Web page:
The campaign for legislative elections officially launched on Wednesday, July 8. Candidates for Senate and the House of Deputies now have less than four weeks to promote their policies and candidacy to the general public before the first round of elections scheduled for August 9. Notably, the CEP has yet to disburse the 500 million gourdes that was earmarked by the Electoral Decree to campaign for legislative elections, leaving some candidates unable to campaign effectively. On Friday, Prime Minister Evans Paul assured political parties that they would soon receive the campaign finance funds once the government determines the best method for disbursement.
The VERITE party continues its reinstatement campaign for former presidential candidate Jacky Lumarque, along with other disqualified candidates. On Thursday, July 9, thousands of protestors marched in Port-au-Prince to demand Lumarque’s reinstatement. Although CEP President Pierre-Louis Opont recently reiterated the finality of Lumarque’s disqualification, leaders in the VERITE remain resolute.
Wikenson Bazile, an employee of the CEP, was shot and killed in Port-au-Prince last weekend. Bazile had worked alongside CEP member Jacceus Joseph, the representative for the human rights sector. Bazile’s killing is regarded by many as the newest threat to the CEP, which has recently been the subject of an alleged assassination plot. The CEP issued an official statement on the incident on Thursday in which they condemned Bazile’s killing and “other threats publicly committed by hostile groups towards the electoral process, the Council and its members.”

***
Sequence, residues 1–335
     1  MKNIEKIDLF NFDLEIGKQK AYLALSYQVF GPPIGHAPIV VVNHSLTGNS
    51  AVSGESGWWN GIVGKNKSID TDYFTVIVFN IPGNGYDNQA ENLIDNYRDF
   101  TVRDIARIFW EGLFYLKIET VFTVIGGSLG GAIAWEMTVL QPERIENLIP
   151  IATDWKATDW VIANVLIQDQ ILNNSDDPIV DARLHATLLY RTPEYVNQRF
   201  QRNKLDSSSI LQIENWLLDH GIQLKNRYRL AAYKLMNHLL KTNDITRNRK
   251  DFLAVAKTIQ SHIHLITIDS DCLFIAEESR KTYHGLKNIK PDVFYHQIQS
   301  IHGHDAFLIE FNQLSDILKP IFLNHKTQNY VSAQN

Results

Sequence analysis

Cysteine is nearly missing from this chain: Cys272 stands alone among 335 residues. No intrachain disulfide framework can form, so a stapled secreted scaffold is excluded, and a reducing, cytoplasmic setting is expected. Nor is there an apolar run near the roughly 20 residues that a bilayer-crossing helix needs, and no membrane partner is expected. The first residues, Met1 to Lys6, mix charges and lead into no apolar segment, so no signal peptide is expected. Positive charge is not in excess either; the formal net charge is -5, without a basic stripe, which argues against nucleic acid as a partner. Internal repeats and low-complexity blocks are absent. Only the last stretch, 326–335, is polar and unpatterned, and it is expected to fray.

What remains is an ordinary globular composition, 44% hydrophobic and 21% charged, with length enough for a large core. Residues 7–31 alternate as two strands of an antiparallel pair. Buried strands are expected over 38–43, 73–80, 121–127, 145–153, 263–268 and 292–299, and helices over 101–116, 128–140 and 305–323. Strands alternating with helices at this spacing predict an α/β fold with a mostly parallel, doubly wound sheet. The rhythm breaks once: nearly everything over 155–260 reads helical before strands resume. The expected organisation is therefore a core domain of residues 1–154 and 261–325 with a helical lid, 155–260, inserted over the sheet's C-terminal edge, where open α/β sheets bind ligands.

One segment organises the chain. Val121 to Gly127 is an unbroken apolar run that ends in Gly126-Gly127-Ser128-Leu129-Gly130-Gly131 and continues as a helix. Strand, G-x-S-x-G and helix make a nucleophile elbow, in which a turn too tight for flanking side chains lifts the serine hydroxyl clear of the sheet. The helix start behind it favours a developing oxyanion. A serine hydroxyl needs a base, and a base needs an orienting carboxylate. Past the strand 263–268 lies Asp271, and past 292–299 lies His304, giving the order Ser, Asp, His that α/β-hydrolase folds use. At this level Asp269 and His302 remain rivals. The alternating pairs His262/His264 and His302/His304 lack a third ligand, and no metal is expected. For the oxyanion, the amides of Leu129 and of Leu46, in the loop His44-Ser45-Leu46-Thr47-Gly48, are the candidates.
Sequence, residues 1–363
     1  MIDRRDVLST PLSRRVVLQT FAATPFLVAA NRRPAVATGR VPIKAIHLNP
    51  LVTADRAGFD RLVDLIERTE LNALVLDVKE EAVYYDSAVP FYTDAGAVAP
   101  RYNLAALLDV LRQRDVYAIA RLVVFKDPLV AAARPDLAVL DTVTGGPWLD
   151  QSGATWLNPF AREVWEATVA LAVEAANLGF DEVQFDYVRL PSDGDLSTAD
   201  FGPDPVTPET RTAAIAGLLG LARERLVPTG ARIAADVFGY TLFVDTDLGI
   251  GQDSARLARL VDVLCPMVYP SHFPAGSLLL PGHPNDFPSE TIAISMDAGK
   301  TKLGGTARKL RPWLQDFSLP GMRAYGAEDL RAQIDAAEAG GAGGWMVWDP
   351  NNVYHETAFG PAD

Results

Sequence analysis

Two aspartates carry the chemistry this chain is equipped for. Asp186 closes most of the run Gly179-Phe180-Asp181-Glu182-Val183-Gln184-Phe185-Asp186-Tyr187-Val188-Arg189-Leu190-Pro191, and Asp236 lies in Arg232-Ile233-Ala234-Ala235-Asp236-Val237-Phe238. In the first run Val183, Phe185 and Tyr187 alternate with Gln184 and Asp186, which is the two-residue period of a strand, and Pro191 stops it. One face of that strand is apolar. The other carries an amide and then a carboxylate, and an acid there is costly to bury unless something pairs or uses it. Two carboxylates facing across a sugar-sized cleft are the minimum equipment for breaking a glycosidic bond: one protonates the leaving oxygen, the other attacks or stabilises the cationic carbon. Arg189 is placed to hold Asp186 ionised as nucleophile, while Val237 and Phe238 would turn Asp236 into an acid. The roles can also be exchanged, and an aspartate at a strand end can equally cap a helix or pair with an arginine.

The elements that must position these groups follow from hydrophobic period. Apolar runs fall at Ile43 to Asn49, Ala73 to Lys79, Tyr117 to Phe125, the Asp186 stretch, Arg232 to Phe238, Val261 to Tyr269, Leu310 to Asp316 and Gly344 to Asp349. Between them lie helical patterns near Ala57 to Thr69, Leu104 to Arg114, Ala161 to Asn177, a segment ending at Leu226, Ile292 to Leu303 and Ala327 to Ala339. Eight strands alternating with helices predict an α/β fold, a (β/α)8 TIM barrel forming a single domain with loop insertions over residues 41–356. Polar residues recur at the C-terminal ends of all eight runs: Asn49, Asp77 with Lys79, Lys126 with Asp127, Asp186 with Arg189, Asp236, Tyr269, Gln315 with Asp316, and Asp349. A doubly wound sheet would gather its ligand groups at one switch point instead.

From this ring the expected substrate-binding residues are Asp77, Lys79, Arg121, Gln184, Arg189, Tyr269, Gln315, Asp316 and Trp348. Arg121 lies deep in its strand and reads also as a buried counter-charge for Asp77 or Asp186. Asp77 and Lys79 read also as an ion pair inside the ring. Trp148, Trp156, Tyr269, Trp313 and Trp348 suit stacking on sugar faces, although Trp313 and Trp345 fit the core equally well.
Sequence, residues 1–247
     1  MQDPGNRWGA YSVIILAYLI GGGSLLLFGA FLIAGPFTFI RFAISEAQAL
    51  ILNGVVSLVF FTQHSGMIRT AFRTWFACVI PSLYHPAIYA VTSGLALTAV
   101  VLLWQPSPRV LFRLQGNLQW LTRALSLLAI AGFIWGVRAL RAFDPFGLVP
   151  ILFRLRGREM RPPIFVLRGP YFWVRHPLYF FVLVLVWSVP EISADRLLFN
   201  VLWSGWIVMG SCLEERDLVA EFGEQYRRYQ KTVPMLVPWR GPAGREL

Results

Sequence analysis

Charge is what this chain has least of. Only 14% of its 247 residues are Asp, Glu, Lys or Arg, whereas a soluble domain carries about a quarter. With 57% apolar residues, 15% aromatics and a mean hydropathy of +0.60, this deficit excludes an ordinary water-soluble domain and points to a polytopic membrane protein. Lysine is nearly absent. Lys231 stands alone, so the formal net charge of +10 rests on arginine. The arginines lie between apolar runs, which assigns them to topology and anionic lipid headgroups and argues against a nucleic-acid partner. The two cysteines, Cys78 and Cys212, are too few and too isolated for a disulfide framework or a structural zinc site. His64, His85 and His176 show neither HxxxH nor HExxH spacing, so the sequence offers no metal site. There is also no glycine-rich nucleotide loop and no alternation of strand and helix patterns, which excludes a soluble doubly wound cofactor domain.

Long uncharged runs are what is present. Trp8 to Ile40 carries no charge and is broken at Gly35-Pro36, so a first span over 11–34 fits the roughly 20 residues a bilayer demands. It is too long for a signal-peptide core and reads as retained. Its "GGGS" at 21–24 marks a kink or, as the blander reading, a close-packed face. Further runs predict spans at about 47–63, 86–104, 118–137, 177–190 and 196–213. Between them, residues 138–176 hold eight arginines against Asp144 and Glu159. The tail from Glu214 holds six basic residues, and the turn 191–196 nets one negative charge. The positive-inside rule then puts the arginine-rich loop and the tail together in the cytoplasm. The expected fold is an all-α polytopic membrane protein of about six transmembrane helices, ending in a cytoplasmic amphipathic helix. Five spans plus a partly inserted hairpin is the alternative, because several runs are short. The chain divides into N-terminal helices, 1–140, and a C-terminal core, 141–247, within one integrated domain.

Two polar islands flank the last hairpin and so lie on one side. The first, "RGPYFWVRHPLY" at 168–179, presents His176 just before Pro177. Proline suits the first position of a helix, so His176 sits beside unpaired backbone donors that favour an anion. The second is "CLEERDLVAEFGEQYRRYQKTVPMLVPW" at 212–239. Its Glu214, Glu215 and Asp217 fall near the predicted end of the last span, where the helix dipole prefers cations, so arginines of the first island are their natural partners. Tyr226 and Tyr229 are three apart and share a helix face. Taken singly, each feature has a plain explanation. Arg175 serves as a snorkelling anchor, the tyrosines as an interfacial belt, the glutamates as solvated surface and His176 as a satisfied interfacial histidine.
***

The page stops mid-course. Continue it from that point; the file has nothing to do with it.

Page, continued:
On Thursday, the National Network for the Defense of Human Rights (RNDDH), the National Council for the Observations of Elections (CNO) and the Haitian Council for Non-State Actors (CONHANE) issued a joint press release urging the government to address the unstable security situation in Petit-Goave, where there has been widespread voter intimidation and violence. According to the press release, legislative candidates associated with VERITE and PHTK, the party of President Michel Martelly, have “create[d] an atmosphere of fear and intimidation which, according to all evidence, is intended to prevent voters from exercising their right to vote. . . If nothing is done in Petit-Goave, only the most powerful and bold candidates will have control of the polls and streets on election days.”
On Wednesday, July 15, the United States Senate will hold a hearing on “U.S. Policy Towards Haiti Prior to the Elections,” which will be presided by Florida Senator Marco Rubio, who recently proposed amendments on promoting fair elections in Haiti. Tom Adams, State Department Special Coordinator for Haiti, will speak at the hearing as a witness.